Chariots in Ancient Egypt: The Tano Chariot، A Case Study
Monday 15/May/2017 - 06:00 PM
Chariots، the racing cars of the ancient world، first appeared in Egypt about 1600 BC، and quickly became not only the preferred mode of transport for royalty and the elite، but also revolutionised military tactics and warfare. Remains of chariots have been found in Egyptian tombs –Tutankhamun’s tomb contained six chariots، which tripled the number of ancient Egyptian chariots known before the discovery of his tomb. However، none of the chariots was complete، as all lacked their leather casings، which were only known from images on tomb and temple walls. In 2008، the Ancient Egyptian Leatherwork Project (AEFP) working in the Egyptian Museum in Cairo، found a cache of several trays of red and green leather containing some 60 large leather fragments. Some of these had been noted before، but the find had been largely ignored and buried in the depths of the museum. This remarkable object entered the museum in 1932، a purchase from the Tano family، reputable dealers at that time، hence the nick-name ‘Tano Chariot’. The Tano leather all came from a single chariot، including portions of the bow-case، the body’s casing and the horse housing. The leather is elaborately decorated in appliquéd green and red or beige leather. Parallels for some of these fragments are found in the Egyptian Museum in Cairo، the Metropolitan Museum of Art in New York، and the Ägyptisches Museum und Papyrussammlung in Berlin، many of which، until their appearance in this volume، are unpublished.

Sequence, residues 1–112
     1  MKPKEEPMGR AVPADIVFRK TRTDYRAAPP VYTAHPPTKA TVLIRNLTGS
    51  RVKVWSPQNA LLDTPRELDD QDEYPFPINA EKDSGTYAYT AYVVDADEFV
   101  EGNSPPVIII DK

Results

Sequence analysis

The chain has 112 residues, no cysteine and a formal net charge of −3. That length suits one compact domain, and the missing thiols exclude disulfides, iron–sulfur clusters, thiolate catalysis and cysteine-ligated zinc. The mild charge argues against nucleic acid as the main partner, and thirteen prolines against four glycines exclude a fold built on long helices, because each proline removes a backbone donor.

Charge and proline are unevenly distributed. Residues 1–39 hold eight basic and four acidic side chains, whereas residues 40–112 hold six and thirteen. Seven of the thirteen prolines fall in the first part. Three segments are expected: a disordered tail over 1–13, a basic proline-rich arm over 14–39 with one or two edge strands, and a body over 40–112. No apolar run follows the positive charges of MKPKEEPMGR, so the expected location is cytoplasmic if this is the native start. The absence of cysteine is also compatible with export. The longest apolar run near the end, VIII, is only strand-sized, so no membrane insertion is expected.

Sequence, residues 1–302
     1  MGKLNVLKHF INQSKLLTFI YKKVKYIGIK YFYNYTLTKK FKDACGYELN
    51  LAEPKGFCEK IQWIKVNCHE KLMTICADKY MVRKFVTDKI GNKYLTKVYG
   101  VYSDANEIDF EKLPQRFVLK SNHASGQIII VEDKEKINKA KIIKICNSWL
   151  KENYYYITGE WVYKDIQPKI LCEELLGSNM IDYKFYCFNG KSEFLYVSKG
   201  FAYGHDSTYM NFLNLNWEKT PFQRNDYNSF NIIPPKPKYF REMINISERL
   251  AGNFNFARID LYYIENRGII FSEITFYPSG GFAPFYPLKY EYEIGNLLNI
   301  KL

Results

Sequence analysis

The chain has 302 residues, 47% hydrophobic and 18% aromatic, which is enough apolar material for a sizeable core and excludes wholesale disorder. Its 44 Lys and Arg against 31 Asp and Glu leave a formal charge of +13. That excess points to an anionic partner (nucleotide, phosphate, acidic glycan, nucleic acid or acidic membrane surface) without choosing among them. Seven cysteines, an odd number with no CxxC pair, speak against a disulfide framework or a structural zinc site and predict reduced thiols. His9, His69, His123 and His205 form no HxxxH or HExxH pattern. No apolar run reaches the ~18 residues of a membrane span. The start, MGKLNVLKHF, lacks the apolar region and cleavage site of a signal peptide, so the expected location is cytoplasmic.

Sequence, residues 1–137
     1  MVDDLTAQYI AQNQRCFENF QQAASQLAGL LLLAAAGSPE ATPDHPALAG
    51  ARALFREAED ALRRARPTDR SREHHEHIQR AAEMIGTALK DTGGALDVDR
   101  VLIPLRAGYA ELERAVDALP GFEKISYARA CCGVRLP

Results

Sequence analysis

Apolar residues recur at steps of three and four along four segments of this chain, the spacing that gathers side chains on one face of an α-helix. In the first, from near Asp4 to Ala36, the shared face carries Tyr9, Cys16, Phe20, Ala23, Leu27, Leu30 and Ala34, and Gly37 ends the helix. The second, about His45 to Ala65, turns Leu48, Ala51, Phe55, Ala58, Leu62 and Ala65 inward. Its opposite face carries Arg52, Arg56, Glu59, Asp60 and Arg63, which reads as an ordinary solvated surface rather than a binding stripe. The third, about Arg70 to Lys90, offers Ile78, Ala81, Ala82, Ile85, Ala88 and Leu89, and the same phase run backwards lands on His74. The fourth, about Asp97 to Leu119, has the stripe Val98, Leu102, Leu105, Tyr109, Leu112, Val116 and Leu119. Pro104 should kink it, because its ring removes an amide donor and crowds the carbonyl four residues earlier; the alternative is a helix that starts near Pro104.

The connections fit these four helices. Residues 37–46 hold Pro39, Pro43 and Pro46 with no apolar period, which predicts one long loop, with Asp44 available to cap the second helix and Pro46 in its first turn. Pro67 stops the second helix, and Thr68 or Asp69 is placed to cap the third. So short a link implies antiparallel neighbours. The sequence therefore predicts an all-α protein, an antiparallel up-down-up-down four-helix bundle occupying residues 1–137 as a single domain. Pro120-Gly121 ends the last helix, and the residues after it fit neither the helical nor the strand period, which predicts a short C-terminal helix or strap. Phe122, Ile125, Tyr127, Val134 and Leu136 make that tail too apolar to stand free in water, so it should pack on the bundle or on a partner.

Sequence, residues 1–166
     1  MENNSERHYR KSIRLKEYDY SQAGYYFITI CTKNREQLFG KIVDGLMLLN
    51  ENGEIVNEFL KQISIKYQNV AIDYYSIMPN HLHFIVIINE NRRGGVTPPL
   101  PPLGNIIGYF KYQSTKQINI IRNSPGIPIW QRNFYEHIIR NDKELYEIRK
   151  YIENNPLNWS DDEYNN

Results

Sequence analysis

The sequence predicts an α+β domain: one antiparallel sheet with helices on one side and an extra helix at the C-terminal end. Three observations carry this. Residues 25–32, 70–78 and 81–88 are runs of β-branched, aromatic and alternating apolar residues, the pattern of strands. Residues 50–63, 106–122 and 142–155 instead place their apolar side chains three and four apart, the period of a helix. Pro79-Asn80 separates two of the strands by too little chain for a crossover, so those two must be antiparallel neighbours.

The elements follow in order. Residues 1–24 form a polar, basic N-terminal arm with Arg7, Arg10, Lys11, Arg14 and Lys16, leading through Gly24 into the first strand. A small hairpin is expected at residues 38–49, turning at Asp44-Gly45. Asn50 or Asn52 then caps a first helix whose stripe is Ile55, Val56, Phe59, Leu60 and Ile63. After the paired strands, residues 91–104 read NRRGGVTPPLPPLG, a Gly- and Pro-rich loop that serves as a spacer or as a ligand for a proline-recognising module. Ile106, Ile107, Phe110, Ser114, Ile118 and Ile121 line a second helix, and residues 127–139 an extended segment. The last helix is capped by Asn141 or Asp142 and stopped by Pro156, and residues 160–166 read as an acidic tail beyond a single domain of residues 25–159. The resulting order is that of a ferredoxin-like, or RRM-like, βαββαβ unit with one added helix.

Publication date: 20-12-2017 Imprint: Sidestone Press Format: 210x280mm Size: 550 pp. Language: English Category: archaeology chariots، leather، weaponry، Tutankhamun، Tano، Egyptian Museum Cairo، Ancient Egypt، Egyptology
About the Authors
Dr. André J. Veldmeijer
André J. Veldmeijer (Visiting Research Scholar American University in Cairo) studied archaeology at Leiden University and received his PhD in Vertebrate Palaeontology from Utrecht University in 2006. He has worked in Egypt since 1995 as a leather، footwear and cordage specialist in various research projects. His second PhD، on the archaeology of footwear، is planned for the next four years.
Prof dr. Salima Ikram
Salima Ikram is an Egyptologist and bioarchaeologist who has worked in Egypt، Turkey and the Sudan. She has directed the Animal Mummy Project at the Egyptian Museum، directs the North Kharga Oasis Darb Ain Amur Survey، and has worked as a funerary archaeologist and archaeozoologist at sites throughout Egypt from Alexandria to Aswan. She has published extensively. Lucy Skinner MSc
Lucy Skinner has an MSc in Conservation for Museums and Archaeology from University College London. She has worked as a museum conservator in the UK and as an independent archaeological conservator and organic materials specialist on various sites all over the world as well as for numerous projects in Egypt.
Prof. dr. Lisa Sabbahy
Lisa Sabbahy studied at Bryn Mawr College، University of California at Berkeley، and the University of Toronto. She is Assistant Professor of Egyptology at the American University in Cairo، and Program Director of the MA in Egyptology and Coptology.
Dr. Ole Herslund
Ole Herslund is a doctor of Egyptology and Egyptian Archaeology trained at University of Copenhagen and University College London. He has worked as research fellow and external lecturer at the Department of Ancient Near Eastern Studies، Institute of Regional and Cross-Cultural Studies، University of Copenhagen، and works on a number of projects throughout Egypt.